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ASTRID CABRAL

MARIO FAUSTINO

MARIO FAUSTINO
(1930-1962)


The poetry of Mario Faustino (1930-1962) is a complex mixture of different aspects of the same reality: love and death; the spiritual and the carnal; the classical and the modern; the formal and the informal. The poet will try to order the often antagonistic elements in order to understand the world. Faustino also believed that the poet should try to recover  the primitive incantatory power of poetry and that poetry should be important to contemporary man. These were views that  he put across in his important “Poetry Experience” page in the Jornal do Brasil from 1956 to 1959. Faustino´s life was cut short by a tragic air crash in Peru.

(From Modern Poetry in Translation. New Series, No. 6 /Winter 1994-95. Special Feature: Modern Poetry from Brazil)

Translation by John Milton


Where will the restarted song hover

Where will the restarted song hover
On the acanthus column of your home?
Where goes on the dance that´s over
On the tiles of my weeping time?
Boy, with sand in my full hands
I count missing stars on the horizon
Of the hiccoughing sand
Where rides the froth of your end, sourceless tears.
Oh youth, canopy of innocence
Will never  be spread over another dawn
Clearer  than this  clear adolescence
Where the brothel of the night devours today.
What´s the impure scarf of the elegy worth
On your face, lucid happiness?

 

A mis soledades voy*

 Night, night after night, another night
 Came to remind me of the beauty each
 Night thinking of the ulcers of the lashes
Of the sun on my shoulders. Night inherited
From ancestral nights. A golden chain
Of moon linked to moon, star
Joined to star… The clear web
Fished the loneliness of the dream
For the glory of the sparkling find of this
Liquid night. Strange, strange feast
In which you make me drink, burning night:
Shrouds in the east, and in the west
Bonfires of joy…
                      Hard luck,
To have to leave death for another night.

*(Title in Spanish: “I go to my loneliness”)


Carpe Diem

What shall I do with this day that adores me?
Pull it by the tail, before the
Crimson hour when if sneaks from my feast?
Or put it into music, into lines,
Engrave it in stone, to be smoothed by the sun?
Best where to keep it, and one such day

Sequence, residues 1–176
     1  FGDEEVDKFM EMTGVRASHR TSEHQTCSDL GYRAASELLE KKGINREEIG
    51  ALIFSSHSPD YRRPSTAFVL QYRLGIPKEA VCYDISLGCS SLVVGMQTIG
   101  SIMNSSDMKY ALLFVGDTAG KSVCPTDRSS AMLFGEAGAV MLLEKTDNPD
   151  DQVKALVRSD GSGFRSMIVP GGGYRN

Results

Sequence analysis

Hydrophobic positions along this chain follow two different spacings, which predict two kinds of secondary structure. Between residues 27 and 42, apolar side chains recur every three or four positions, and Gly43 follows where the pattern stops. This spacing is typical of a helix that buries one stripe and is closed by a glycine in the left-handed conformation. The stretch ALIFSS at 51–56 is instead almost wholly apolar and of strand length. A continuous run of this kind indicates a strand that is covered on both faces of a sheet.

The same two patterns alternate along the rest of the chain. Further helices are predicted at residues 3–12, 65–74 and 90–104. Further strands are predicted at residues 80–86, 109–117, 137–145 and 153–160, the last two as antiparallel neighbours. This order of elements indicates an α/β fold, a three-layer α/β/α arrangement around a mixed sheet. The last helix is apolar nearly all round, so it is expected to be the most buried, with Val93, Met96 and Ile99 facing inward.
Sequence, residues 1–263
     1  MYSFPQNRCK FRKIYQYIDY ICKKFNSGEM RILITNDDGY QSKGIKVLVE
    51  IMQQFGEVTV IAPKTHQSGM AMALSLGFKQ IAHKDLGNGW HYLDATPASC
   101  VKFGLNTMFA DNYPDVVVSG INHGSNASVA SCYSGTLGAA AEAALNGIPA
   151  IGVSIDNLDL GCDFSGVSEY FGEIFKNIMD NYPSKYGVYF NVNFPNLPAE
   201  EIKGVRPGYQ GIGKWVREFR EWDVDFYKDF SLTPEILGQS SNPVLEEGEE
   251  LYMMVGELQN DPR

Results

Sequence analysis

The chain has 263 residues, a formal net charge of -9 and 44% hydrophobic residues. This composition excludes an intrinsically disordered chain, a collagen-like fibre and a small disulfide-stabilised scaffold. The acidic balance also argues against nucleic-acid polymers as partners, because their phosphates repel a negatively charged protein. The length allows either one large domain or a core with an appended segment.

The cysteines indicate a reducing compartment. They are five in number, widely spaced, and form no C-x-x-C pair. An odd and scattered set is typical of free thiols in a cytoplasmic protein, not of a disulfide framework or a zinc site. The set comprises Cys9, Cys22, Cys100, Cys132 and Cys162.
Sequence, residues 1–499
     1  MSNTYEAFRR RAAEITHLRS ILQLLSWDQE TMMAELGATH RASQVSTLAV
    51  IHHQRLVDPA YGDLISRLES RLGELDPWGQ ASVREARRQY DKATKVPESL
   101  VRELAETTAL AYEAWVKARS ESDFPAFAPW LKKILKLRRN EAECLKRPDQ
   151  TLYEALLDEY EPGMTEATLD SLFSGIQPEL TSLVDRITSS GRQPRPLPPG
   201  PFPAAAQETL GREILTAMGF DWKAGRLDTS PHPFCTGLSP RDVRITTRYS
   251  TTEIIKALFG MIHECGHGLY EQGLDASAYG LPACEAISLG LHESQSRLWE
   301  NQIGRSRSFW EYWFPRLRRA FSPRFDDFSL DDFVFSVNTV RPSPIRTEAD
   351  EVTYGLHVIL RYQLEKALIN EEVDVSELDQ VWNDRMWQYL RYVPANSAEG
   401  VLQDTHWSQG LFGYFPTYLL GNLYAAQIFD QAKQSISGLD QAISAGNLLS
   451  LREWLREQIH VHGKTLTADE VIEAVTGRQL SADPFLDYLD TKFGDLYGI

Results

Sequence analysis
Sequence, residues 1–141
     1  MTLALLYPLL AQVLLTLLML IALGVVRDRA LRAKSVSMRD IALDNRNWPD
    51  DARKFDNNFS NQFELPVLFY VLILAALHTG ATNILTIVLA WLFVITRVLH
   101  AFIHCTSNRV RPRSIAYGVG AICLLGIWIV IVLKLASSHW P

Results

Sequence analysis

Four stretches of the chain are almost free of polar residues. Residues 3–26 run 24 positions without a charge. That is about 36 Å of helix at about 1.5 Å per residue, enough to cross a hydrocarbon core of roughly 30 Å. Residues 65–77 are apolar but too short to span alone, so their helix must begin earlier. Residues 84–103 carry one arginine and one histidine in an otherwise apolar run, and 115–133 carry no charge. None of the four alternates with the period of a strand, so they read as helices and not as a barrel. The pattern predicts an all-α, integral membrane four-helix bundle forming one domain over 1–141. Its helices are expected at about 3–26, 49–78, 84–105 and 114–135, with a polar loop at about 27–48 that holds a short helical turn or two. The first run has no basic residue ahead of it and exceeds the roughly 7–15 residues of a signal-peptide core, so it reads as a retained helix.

It would now be leaving a tremendous night,
Brought to bed the night before,
Made a slave of the woman from whom it had fled
Through me, my lyre and voice.

But already I see it covered in shadows,
So deaf to the dream of staying – so noble:
Already the light of death — the moon — is living.
It is going away — made of betrayal.


The world I conquered gave me a love

The world I conquered gave me a love,
A dangerous trophy, this steed
Loaded with armoured princes.
The world I conquered gave a love
Winged and galloping in angry skies
Over any wall of creed,
Over any ditch of sex.
The world I conquered gave a love,
Love made of curses and tears and laughs,
Love to force the gates of hell,
Love to leap  the peak of heaven,
Love that sleeps and shivers, that wakes
And turns against me, devours
And chews on me in songs of victory…



I don´t want to love the fleshless arm


I don´t want to love the fleshless arm
That hides in my arm or the silent
Breast that is placed at may side
Where a changed being throbs with fright.
In the present vision of past years,
In the future with no time to care,
In time with no rhythm to transfer
I reject the dead that lies in me.
I want to give myself to the living being that sweats
Afraid of losing myself while here I lie
Red with life and the death in which I lie
In the light of the fiery, grave full moon
Which, if Death calls “Mário” out loud,
It embraces me shivering in my shroud.

 

Inferno, eternal winter

Inferno, eternal winter, I want to give
Your name to the nameless pain
Of this sunless day, fireless sky, beachless sea,
Spume of the soul at the edge of agony.
Inferno, eternal winter, I want to look
Right into the burning gorge of the elegy,
Autumn and purgatory, climate and home
Of the silent dream, still and cold.
Winter, your inferno doesn´t bring me
More than the hard image of the final judgemenr
With which the loquacious beauty
Of your granite verbs confounds me.
Celestial mask, where the fleeting
Summer of your laughter — paradise?